An inquiry into Victoria’s child protection system has found significant issues, with the Labor Government failing to provide support for both children and staff within the system.
The inquiry, led by the Commission for Children and Young People, delved into the educational experiences of children and young people in out-of-home care and found “disparities in educational outcomes that are as stark as they are shameful”.
The report also found “across every measure, children in care are worse off” and the poor educational outcomes for children in care are related to the “persistent strain on the child protection system and its crisis-driven approach”.
Nationals Member for Euroa Annabelle Cleeland said the results were disheartening, with constituents regularly bringing concerns relating to child protection to her office.
“Sadly, my office is inundated with calls and emails about failings within our child protection system,” Ms Cleeland said.
“Education offers a pathway for these children to lead a safe and secure life and combat disadvantages they have been dealt with.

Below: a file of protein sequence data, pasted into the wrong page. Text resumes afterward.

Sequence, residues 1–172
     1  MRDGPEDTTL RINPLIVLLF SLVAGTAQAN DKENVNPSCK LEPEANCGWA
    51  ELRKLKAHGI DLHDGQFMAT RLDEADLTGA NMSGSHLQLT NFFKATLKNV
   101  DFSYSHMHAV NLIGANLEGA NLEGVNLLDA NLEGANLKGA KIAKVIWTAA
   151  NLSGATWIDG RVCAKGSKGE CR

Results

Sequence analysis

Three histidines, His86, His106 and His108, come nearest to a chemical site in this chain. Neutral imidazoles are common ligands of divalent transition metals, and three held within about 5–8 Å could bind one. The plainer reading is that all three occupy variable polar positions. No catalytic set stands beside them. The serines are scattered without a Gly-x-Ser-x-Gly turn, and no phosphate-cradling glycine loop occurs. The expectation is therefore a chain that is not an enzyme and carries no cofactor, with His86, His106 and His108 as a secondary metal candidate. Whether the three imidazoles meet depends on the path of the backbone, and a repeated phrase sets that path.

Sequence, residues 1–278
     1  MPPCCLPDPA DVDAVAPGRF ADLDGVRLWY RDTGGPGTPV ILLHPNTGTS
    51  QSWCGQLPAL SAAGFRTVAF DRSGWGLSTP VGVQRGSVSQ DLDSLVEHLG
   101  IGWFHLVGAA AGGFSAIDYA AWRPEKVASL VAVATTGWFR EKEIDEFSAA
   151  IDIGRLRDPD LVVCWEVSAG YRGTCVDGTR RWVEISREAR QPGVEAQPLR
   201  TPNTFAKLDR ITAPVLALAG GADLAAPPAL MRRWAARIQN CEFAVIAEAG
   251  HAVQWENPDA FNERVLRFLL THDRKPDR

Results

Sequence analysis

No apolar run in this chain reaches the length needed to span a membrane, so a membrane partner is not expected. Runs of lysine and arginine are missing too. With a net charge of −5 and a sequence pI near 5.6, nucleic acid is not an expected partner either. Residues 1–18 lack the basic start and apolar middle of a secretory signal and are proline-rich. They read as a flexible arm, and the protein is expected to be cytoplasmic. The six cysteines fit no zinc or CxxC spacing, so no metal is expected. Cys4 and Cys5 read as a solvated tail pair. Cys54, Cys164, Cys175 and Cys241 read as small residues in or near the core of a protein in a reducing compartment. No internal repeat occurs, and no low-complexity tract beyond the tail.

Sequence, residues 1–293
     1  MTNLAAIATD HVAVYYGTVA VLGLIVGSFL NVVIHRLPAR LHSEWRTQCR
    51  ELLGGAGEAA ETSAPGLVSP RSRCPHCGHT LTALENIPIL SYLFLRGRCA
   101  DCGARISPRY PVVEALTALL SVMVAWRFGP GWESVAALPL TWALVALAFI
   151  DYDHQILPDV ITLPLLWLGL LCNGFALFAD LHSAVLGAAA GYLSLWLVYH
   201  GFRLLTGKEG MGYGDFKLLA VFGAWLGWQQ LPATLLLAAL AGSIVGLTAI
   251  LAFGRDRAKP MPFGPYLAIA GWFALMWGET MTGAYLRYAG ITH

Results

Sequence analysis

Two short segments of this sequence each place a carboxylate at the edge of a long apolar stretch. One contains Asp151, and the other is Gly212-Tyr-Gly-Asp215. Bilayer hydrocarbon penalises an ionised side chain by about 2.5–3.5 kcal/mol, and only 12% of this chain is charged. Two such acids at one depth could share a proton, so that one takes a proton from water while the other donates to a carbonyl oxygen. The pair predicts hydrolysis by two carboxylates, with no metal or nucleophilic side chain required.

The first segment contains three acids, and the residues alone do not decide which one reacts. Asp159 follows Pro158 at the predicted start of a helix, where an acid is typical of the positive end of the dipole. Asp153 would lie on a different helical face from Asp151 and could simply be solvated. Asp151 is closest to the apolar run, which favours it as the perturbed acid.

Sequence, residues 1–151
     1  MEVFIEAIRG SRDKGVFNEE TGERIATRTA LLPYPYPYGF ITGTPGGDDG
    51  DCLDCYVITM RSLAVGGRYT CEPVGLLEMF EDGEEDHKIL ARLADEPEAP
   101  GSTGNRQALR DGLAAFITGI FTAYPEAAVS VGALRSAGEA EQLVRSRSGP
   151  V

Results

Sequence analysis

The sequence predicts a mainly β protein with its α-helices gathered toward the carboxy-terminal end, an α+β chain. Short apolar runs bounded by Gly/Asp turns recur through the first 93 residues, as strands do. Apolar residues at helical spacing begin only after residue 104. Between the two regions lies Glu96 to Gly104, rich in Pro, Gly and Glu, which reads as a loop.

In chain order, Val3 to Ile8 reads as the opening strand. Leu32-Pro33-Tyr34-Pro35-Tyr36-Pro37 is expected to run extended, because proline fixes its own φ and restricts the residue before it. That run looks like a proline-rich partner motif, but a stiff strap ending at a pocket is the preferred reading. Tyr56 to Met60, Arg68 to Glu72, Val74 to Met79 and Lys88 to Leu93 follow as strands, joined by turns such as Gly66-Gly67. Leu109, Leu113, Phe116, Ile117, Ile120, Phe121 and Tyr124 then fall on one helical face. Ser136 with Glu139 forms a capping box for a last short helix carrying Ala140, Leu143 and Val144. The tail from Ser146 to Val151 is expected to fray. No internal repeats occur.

“However, under Labor our most vulnerable children are being denied their right to a strong education due to a lack of funding, support, and care.
“There are too many children being left behind in this system, and I call on the Allan Labor Government to ensure our most vulnerable members of society are given love, support and a fair go.”
In 2019, the Commission exposed the consequences of Labor’s under-resourced child protection system and called for more investment in prevention and early intervention to keep families together.
Yet this inquiry showed the warnings were largely ignored with the report finding:
- a 13 per cent increase in the number of children and young people in care as of December 2022.
- an over-representation of Aboriginal children and young people in the care system remains, with a 21 per cent increase.
- an 83 per cent rise in the number of children aged nine to 11 in residential care.
- a 33 per cent increase in children aged six to eight in residential care.
- a 10 per cent decline in foster care placements.
- only 25 per cent of students in care reach Year 12.
Furthermore, child protection worker turnover rates have worsened while the proportion of children and young people without an allocated worker and case managed by Child Protection increased by 19 per cent.